LAND O'LAKES — In setting its 2010-11 budget, the Pasco School Board raised its local property tax rate by 25 cents per $1,000 of assessed property value with the Florida Legislature's permission.
To keep the rate hike in place for the next two budget years, the board will need the approval of Pasco County voters.
As part of its plan to cope with dwindling property values and shrinking tax revenue, the Florida Legislature told school districts they could increase their tax rates for general operations if a supermajority — four out of five — of School Board members agreed. As a compromise with their antitax colleagues, the Tallahassee proponents of such a move agreed to give voters a say on whether the boards could reimpose the tax in subsequent years.
That's not to say that voters will be setting the tax rate. Rather, they'll simply be deciding whether the School Board may consider the so-called "critical needs" tax again.
Pasco schools superintendent Heather Fiorentino recommended that the School Board adopt the tax increase this year as a way to generate about $5.6 million at a time when the district faced a budget shortfall of nearly $28 million.
The additional tax income would help Pasco forestall undesired cuts, Fiorentino said, such as layoffs.
With the United School Employees of Pasco cheering them on, four of the five board members agreed.
"Since the Legislature is not adequately funding education, they're passing it to the local level again," said board member Frank Parker, an accountant. "That 0.25 mills was already calculated into the state budget numbers. So effectively we had no option seeing as we were already $28 million short."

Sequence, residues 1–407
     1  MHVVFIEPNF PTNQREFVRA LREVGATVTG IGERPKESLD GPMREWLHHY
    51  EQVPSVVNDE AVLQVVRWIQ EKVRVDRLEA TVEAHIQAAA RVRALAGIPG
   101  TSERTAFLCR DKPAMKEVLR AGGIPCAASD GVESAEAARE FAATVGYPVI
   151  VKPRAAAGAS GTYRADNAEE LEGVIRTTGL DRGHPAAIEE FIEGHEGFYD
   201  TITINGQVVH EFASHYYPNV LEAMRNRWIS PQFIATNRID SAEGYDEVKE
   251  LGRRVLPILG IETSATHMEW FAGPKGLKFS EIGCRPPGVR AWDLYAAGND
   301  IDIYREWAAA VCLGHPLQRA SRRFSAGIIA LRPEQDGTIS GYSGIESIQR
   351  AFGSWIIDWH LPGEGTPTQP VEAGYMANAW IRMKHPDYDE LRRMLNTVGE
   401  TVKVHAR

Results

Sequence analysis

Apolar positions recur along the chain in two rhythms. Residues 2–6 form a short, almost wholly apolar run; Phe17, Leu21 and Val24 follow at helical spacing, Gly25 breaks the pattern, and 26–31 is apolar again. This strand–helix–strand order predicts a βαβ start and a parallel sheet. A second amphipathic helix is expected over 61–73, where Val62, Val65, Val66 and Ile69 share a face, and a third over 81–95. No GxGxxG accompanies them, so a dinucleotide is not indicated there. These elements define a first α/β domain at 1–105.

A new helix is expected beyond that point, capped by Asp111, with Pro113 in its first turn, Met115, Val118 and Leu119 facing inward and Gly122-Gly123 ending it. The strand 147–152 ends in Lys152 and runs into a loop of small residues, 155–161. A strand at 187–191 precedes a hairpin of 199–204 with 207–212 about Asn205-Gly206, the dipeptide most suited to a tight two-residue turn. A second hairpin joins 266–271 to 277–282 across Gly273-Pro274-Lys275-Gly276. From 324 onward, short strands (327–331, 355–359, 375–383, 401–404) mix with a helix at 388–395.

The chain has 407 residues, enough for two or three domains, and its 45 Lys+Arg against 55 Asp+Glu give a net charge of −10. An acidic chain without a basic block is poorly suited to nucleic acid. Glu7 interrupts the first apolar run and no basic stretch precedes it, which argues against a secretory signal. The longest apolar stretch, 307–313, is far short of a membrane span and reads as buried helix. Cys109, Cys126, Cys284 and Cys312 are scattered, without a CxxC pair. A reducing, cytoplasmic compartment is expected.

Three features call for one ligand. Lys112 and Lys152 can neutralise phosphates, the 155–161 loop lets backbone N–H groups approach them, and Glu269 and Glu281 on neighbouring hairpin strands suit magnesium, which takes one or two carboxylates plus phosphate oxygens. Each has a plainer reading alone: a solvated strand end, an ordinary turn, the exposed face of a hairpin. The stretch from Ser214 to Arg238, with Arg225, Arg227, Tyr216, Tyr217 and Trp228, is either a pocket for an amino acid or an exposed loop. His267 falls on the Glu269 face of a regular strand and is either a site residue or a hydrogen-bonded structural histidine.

The state has decreased its funding per student over the past few years, and its share of funding for public education has shrunk while the local effort has increased.
Only board member Kathryn Starkey opposed the tax, as well as placing the question of whether to extend it before the voters. She said lawmakers should be properly funding public education and not passing the buck to school boards.
"I just don't believe in raising taxes in a recession," Starkey added. "We need to tighten our belts more and do all we can to not raise taxes."
The referendum requires a simple majority to pass. It would affect the 2011-12 and 2012-13 budget years for the school district.
Jeffrey S. Solochek can be reached at email@example.com or (813) 909-4614. For more education news, visit the Gradebook at www.tampabay.com/blogs/gradebook.